Monday, March 13, 2017

Gen. Patraeus comparison helps grant leniency to Indian American who took classified docs ome




MOHAN L. NIRALA, 52, of Laurel, Maryland, was
 to spend 12 months and one day in prison. However, his attorney argued for lieniency by comparing his offense to the sentence meted out to former Gen. David Patraeus.

“As compared to the instant offense, Mr. Petraeus’s conviction was more serious in every measurable way — particularly in light of the sensitivity of information involved and the disclosure to an unauthorized person for use in writing a book,” argued Nirala’s attorney, federal defender Todd Richman. Partiaeus received 2 years of probation with no time in prison for sharing classified material with his mistress.



Gen. David Patraeus
U.S. District Judge Gerald Bruce Lee on March 10 apparently took that argument under consideration. He reduced Nirala's sentence to one year and one day in prison for willful retention of national defense information.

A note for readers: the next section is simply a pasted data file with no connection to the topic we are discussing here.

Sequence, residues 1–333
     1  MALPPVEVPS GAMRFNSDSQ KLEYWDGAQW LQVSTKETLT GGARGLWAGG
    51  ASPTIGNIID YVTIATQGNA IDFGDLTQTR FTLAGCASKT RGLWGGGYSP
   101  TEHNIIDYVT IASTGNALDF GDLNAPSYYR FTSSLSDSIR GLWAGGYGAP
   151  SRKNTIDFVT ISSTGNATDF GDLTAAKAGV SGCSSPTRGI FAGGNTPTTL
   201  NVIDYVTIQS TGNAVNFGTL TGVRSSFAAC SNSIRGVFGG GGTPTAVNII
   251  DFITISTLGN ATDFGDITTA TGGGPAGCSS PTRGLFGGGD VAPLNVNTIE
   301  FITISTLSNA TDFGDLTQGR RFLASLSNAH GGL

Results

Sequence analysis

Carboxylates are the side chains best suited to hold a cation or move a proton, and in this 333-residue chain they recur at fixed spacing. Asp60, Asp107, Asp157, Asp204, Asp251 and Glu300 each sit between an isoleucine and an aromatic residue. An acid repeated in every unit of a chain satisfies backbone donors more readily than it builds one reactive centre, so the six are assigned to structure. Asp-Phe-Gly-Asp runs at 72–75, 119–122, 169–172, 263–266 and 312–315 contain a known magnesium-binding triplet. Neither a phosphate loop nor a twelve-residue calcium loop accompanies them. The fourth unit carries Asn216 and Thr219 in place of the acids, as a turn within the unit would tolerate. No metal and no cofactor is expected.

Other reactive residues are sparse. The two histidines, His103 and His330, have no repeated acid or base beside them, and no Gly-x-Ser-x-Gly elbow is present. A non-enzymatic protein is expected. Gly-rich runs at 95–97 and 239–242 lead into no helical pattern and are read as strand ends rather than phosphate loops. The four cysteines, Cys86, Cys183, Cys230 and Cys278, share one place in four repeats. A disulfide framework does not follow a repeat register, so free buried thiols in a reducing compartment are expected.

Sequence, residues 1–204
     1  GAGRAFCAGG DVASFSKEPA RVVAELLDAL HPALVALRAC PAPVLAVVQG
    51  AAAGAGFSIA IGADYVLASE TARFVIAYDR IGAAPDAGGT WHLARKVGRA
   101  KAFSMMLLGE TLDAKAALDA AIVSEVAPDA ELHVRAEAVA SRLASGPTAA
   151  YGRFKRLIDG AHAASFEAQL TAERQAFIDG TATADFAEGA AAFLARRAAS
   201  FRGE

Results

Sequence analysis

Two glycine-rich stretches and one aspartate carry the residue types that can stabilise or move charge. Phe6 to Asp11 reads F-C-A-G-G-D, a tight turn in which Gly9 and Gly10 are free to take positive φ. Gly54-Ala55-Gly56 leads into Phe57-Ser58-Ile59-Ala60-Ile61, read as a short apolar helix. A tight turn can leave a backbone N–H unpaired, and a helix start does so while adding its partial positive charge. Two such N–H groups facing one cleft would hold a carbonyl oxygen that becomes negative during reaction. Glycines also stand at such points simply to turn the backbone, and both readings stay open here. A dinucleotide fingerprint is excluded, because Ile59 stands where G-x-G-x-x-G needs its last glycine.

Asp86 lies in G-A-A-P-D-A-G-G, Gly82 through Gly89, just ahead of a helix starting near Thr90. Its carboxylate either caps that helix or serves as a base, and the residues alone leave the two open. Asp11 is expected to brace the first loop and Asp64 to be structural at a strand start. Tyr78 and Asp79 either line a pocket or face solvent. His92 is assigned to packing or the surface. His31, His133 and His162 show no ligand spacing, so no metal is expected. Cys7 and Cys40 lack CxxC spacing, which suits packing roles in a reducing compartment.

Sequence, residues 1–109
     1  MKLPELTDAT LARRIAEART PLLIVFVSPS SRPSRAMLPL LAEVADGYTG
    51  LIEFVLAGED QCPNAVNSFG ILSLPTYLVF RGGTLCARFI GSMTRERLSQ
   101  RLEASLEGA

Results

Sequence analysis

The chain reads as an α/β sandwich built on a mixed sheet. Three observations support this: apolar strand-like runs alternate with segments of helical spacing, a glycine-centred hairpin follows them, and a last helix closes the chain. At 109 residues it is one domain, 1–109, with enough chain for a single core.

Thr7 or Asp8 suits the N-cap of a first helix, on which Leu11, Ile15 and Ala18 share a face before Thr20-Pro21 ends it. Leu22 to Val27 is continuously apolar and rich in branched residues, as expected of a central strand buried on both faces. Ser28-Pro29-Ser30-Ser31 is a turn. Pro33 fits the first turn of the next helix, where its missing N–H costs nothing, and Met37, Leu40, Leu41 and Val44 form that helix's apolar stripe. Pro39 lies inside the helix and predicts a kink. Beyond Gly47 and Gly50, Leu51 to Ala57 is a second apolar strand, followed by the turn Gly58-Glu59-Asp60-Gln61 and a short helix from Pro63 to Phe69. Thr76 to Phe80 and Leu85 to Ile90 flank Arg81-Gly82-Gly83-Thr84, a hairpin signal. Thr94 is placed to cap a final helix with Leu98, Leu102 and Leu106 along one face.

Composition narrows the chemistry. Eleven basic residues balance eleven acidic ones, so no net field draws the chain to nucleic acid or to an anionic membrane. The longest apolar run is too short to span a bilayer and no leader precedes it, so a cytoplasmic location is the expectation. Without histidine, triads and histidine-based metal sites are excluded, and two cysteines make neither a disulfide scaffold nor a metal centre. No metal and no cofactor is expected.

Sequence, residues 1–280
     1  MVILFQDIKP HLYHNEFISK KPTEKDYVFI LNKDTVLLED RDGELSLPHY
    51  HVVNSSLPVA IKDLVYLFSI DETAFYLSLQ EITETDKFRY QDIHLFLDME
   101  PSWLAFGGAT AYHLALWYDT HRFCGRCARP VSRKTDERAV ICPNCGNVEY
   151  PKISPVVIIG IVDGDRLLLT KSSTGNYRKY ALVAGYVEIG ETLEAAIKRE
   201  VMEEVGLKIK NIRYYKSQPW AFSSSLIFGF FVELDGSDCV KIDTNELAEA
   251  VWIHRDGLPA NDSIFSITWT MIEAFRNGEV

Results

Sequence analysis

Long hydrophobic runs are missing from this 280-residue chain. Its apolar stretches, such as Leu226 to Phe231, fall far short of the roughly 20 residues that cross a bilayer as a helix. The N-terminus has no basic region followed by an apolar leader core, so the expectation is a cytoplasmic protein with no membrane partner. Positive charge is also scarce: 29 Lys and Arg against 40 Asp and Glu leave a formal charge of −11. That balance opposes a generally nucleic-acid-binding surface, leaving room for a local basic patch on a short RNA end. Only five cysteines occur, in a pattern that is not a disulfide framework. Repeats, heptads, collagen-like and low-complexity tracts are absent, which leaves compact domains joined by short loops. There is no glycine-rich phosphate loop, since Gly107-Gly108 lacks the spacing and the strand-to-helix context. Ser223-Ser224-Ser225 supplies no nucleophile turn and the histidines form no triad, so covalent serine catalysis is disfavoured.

Nirala pleaded guilty on Sept. 16, 2016. 

Nirala was a full-time government employee and imagery scientist at the U.S. National Geospatial-Intelligence Agency (NGA) from February 2009 to 2015. On Jan. 10, 2014, eight days after his clearances were suspended, FBI agents recovered over 20 classified documents at Nirala’s home during the execution of a federal search warrant. 

A review of these documents determined that they ranged in classification from Secret to Top Secret. During the search, Nirala falsely stated that he did not bring home any classified documents.

According court records, on March 8, 2016, agents arrived at Nirala’s home to execute an arrest warrant. After Nirala failed to answer the door, agents made a forced entry and found Nirala in the basement before taking him into custody. During a sweep of the basement, agents discovered a white duct-taped box underneath the basement stairs. Inside the box were over 500 pages of documents classified at Top Secret and Secret levels.

Nirala's attorneys said that their client was keeping those records in a safe place in preparation for a discrimination complaint he wanted to file against his employers. There is no evidence that Nirala shared those documents with anyone else or any foreign government.
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